Online summit aims to arm parents against online child predators | #predators | #childpredators | #kids


A London expert who teaches parents how to protect their children from online predators is hosting a virtual summit this weekend, and she’s hoping to reach moms and dads around the world.

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A London expert who teaches parents how to protect their children from online predators is hosting a virtual summit this weekend, and she’s hoping to reach moms and dads around the world.

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“My biggest objective is that people will be practising digital supervision globally,” Charlene Doak-Gebauer said.

Attendees from as far away as Australia are taking part in the event that includes nine speakers, including Carol Todd, the mother of Amanda Todd. The British Columbia teen died by suicide in 2012 after being cyberbullied.

The summit comes at a critical time. According to Cybertip.ca, the online arm of the Canadian Centre for Child Protection charity, the COVID-19 pandemic has resulted in more youths being exploited online.

During the past year, Cybertip.ca has seen a 106 per cent jump in reports to its tipline about child exploitation, which the group calls an “alarming increase.”

“Too many people think their children won’t be targeted by predation,” Doak-Gebauer said. “We need to digitize our parenting skills.” Those who take part in the summit will receive a certificate of completion.

Because it is a global network, the internet offers those who prey on children anonymity and a worldwide reach, Doak-Gebauer said.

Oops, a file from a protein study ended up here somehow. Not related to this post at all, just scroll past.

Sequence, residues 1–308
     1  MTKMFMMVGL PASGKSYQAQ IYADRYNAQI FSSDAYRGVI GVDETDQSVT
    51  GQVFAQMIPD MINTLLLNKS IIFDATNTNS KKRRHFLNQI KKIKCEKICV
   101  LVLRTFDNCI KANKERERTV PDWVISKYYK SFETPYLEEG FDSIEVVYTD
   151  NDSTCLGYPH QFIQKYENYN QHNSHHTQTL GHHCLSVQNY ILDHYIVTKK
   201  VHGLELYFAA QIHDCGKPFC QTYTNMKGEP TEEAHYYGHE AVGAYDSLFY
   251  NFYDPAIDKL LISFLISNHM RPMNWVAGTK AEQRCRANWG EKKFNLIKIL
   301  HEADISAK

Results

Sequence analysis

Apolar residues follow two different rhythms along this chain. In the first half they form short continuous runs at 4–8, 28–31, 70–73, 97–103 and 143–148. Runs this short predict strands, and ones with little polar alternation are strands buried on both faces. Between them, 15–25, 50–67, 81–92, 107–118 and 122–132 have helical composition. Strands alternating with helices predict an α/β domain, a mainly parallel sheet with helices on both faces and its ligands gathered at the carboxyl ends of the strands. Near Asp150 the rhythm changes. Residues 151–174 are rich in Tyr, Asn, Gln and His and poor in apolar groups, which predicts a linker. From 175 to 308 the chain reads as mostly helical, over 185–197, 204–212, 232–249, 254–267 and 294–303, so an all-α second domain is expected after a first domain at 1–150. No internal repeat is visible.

“Carol Todd, at the summit, is going to talk more about that reality because her daughter was exploited by someone in another country,” she said.

Also a growing problem, Doak-Gebauer said, is child-on-child sexual exploitation.

“The problem is, violent porn is free online. A lot of children are learning sex education from porn,” she said.

Part of the solution, Doak-Gebauer said, is for parents to get over the idea they can’t teach themselves to be computer-literate.

“Our children are not geniuses because they can operate these devices. They’re so user-friendly. So, there’s no reason why parents can’t learn them and supervise them,” she said. “There’s too much ownership being given to our children over their own safety online.”

And even though the summit officially kicked off Friday, people can still watch it at their own convenience. The fee for participants is $50 and parents can get a late registration by emailing info@internetsensefirst.com or phoning 519-854-1249.

danbrown@postmedia.com

Twitter.com/DanatLFPress





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